Heart issues can be sneaky and surreptitious, arriving suddenly and seemingly without warning. But oftentimes there are tip-offs—though people fail to recognize them.
Chest pain or soreness
Not everyone who has a heart attack does it Hollywood style (think clutching your chest and dropping to the floor). Intense pressure—”like an elephant standing on your chest,” says Whelton—should prompt you to call 911. Feel like you pulled a muscle in your chest? That could signal underlying cardiovascular disease.
“It doesn’t have to be a sharp pain,” says a doctor. “It could be subtle, and it sometimes radiates out to your shoulder, arm, neck, or jaw.” Chest pain that pops up during or following a workout or when you’re stressed is especially concerning, as it could signal a blood flow issue.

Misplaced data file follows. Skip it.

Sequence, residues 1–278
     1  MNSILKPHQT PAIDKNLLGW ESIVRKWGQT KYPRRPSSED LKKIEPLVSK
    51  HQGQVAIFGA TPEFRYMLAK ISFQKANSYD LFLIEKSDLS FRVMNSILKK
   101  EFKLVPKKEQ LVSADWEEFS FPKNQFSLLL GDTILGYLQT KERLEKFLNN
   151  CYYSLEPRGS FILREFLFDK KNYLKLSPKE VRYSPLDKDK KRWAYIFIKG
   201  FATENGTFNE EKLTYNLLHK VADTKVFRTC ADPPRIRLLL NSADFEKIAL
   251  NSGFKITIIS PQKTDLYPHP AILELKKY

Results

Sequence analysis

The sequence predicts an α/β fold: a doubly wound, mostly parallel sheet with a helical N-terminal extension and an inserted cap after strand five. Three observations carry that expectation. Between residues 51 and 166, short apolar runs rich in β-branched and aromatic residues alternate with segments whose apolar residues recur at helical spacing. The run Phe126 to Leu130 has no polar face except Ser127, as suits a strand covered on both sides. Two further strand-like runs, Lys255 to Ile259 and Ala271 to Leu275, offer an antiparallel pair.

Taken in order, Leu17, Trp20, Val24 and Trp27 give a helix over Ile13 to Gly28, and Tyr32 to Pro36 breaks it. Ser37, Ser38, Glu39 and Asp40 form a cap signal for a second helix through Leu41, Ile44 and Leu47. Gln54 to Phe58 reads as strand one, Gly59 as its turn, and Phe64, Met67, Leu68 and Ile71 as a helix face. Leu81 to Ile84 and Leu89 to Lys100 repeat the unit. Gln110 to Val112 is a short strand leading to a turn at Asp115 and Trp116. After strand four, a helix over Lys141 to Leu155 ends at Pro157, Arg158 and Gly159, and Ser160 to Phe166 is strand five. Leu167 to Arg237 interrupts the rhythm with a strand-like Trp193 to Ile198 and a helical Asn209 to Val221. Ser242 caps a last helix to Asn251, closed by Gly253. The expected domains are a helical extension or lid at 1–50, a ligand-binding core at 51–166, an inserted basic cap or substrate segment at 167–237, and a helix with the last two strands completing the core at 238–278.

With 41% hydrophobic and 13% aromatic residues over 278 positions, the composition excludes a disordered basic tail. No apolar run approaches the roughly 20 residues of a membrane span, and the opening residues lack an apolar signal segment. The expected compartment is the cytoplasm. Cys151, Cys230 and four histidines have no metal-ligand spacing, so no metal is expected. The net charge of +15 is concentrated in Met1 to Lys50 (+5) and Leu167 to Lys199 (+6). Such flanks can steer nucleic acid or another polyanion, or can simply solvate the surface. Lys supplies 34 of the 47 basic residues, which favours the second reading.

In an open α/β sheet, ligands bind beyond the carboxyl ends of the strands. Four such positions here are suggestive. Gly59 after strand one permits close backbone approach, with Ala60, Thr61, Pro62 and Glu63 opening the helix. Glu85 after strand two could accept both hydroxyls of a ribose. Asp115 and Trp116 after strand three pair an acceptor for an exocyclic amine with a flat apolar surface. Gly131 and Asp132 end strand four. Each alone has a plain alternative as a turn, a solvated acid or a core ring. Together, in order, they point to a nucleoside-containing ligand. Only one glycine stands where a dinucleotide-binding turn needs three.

Shortness of breath
If light activity takes your breath away—especially if you used to be able to tackle a flight of stairs without huffing and puffing—that’s trouble. “If they notice major changes in their breathing or what they’re able to do, that’s a sign something may be going on.”- says doctor Simmons.
Breathing problems that come on when you lie down are also problematic (they could indicate valve disease), so be sure to bring that to your doctor’s attention.
Feeling nauseated or fatigued or experiencing a cold, clammy sweat can signal insufficient blood flow. Everyone gets these symptoms at times, but if they start after a bout of physical activity, see a doctor. Severe stomach upset can also be a red flag. Some women have indigestion during the days before a heart attack, but they don’t associate it with heart trouble so they put off seeking treatment.
Feeling lightheaded or woozy could be a sign of a blockage or valve-related issue, especially if it’s accompanied by the feeling that your heart is fluttering. Feel lightheaded whenever you stand up quickly may also be a sign of impending heart trouble.